#10: Biffy Clyro, “Mountains” (YouTube link)

To be honest, I don’t get Biffy Clyro. There’s nothing bad about this, I just don’t understand the total devotion some people have with this band. In any case, they’ve dropped two positions since last week but are still rocking out in the Top 10.

#9: Kid Rock, “All Summer Long”

I’m sort of shocked that this song is doing so well in the UK. It’s also dropped two places but has been in the chart for 11 weeks – erm, all summer long, as it happens. This single sounds particularly American to me, and to tell you the truth, a little bland for Kid Rock, so I’d never have expected it to be such a big hit on this side of the world. I do however, like the use of the “Sweet Home Alabama” riff and choir in the chorus, so it’s got that going for it.

#8: Madcon, “Beggin'” (YouTube link*)

Holy crap – rap from Norway?! Who knew? This is pretty cool, the video’s got a whole 1970s Shaft / Foxy Brown thing going on and the song is ridiculously catchy. I’m curious what else Madcon will bring us now that they’ve broken through to international charts (as far as I can tell, this is their first big hit).

#7: The Script, “The Man Who Can’t Be Moved” (YouTube link*)

The Tamboosh once told me her theory that groups like this are the boy bands of the 00s. This totally proves her point.

#6: Eric Prydz, “Pjanoo” (YouTube link)

Hmm, dance-type music is one of the few genres I don’t really listen to, so I can’t judge if this is any good or not. I didn’t hate it, but it didn’t convert me into a dance/techno (dude, I don’t even know what to call it!) fan, either. What’s up with the tiny Indians?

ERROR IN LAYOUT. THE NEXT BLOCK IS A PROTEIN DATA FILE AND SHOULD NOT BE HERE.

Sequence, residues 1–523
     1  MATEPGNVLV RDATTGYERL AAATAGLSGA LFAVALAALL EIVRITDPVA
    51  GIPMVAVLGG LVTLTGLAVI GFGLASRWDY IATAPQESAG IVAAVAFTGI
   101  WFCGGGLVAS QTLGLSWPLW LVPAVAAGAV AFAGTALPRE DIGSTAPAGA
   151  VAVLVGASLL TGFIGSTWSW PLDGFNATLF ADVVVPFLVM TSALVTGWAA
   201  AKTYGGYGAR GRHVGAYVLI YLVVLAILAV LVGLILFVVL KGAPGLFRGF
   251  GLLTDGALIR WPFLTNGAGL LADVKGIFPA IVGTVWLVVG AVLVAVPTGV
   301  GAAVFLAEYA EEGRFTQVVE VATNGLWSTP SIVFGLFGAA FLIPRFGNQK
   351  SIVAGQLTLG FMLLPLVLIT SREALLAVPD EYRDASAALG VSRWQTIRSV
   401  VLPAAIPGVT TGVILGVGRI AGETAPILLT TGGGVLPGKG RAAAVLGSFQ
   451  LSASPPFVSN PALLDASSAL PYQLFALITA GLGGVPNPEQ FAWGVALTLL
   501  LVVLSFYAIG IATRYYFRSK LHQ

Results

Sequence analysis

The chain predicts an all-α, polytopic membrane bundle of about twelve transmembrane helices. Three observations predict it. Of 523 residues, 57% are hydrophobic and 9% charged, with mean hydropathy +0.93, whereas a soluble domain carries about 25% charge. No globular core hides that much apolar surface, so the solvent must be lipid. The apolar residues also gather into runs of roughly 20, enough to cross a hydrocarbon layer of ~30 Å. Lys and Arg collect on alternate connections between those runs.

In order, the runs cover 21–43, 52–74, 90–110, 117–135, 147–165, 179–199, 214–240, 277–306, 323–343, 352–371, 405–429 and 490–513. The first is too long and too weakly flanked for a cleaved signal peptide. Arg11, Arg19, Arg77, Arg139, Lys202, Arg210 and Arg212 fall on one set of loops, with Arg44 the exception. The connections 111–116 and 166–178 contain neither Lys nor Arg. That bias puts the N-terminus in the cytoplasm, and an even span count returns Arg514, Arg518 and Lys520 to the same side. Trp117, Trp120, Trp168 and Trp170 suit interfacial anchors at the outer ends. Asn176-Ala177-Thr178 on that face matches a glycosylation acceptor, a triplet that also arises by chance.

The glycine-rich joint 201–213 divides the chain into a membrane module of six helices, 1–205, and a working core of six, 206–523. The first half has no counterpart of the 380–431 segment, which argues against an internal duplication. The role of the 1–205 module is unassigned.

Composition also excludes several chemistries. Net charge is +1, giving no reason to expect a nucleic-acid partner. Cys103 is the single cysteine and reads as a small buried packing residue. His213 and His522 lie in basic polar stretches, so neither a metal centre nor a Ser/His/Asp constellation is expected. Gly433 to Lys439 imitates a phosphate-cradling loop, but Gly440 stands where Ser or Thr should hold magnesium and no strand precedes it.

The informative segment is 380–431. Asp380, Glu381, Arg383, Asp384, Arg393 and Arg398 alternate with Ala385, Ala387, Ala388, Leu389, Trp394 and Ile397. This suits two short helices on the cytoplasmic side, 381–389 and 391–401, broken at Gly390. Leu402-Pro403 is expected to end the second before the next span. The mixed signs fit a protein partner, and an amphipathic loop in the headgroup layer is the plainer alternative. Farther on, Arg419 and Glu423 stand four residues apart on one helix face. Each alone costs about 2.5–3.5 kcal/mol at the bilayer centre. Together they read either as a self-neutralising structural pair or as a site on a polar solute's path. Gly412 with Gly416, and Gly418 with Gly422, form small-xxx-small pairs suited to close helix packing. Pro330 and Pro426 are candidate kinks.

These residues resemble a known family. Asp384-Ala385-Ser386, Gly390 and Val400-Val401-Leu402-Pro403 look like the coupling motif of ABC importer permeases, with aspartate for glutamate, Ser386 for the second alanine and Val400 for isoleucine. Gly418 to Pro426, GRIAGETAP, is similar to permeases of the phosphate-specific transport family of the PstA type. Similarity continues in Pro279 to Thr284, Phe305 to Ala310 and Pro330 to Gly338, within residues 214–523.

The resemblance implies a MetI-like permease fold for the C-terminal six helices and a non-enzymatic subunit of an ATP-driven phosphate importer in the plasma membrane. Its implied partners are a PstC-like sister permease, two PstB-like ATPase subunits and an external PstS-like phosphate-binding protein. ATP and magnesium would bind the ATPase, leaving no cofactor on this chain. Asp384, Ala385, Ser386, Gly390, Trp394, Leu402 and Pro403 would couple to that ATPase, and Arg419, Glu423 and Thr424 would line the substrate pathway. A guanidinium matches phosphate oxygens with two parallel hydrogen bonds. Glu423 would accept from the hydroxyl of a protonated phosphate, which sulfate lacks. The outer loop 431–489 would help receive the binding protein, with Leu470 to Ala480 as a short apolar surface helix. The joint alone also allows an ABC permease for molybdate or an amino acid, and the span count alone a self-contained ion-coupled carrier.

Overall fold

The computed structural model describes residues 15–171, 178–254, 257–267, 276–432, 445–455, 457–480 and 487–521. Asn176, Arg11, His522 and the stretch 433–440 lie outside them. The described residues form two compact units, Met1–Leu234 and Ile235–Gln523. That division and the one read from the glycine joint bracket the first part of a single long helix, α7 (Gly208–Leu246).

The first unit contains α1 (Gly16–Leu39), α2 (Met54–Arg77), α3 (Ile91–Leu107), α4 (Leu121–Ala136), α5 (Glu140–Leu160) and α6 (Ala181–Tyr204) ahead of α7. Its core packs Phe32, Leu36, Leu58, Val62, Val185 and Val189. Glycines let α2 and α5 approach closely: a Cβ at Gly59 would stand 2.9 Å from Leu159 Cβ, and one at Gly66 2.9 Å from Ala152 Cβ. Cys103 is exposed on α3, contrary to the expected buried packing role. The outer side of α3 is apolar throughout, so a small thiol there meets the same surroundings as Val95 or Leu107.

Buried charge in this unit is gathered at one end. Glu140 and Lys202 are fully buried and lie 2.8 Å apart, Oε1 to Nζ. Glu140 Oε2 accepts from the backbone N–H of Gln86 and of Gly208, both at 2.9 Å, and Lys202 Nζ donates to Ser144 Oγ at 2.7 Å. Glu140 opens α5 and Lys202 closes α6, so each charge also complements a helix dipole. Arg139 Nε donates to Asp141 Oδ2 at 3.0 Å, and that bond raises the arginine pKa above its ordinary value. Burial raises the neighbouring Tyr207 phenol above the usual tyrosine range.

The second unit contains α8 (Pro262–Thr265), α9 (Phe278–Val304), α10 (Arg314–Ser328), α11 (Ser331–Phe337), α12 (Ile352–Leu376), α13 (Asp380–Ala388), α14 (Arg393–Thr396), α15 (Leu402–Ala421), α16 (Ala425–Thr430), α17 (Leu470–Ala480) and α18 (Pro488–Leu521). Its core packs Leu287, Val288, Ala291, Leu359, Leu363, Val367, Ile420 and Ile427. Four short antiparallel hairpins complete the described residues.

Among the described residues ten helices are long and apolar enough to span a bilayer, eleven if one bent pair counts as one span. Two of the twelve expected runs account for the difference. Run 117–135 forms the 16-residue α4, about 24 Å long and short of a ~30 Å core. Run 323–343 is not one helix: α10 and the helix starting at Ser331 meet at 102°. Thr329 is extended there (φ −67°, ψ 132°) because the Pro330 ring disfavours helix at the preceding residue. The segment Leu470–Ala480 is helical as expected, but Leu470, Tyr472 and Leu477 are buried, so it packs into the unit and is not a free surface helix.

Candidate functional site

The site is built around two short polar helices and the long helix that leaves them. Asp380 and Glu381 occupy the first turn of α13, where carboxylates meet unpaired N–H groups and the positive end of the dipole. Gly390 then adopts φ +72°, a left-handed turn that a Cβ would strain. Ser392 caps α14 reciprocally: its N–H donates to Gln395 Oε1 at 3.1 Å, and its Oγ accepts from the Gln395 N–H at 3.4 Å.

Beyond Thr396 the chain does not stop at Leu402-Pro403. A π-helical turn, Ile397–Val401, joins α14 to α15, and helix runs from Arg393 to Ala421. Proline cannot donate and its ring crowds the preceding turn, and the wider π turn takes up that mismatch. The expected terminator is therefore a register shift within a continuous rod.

#5: Rihanna, “Disturbia” (YouTube link*)

I’m usually quite impressed with Rihanna and her willingness not be exactly like every other gorgeous singer out there in Popland. Sadly, this single is kind of a dud for me – it’s not different enough to stand out, like her singles often do, and it’s not catchy enough to make up for it.

#4: The Pussycat Dolls, “When I Grow Up”

Since I don’t get paid for this, you can’t make me listen to the Pussycat Dolls. Seriously, I won’t do it.

#3: Cliff Richard, “Thank You For A Lifetime” (YouTube link)

Oh, dear. I couldn’t skip two in a row, could I? This is pretty much as painful and cringe-worthy as I expected it to be. Please say this is a farewell / retirement song – that might improve it a little.

#2: Katy Perry, “I Kissed A Girl”

I’ve read a lot about Katy Perry but not heard her music until now. This single is apparently very controversial, which I guess should be expected, but it all seems a little silly to me. Though, to be fair, if it wasn’t, it probably wouldn’t be so popular. It’s a decent enough pop song, pretty much what pop should be, in my opinion: catchy, danceable, fun – but let’s face it, it’s no “Umbrella” or “Crazy In Love”.

#1: Kings Of Leon, “Sex On Fire” (YouTube link*)

Ah, the mighty Kings Of Leon at #1, right where they should be. They get a tiny bit more stadium with every release, but that’s not a bad thing, as long as they continue to hang on to that Southern grittiness that made them so great in the first place. This feels more John Cougar Mellencamp than any of their previous singles, but I can get down with that. I don’t know about you guys, but I’m really looking forward to Monday’s release of Only By The Night – we can always do with a little more KOL in this world.

And there you have – another week, another totally in-depth chart investigation here at 100b. Until next time…

* Sadly, these YouTube channels won’t allow embedding on these videos. Which, of course, is completely absurd since it’s basically free advertising. What the hell is up with that?! Hrmph.

Those Zany Charts …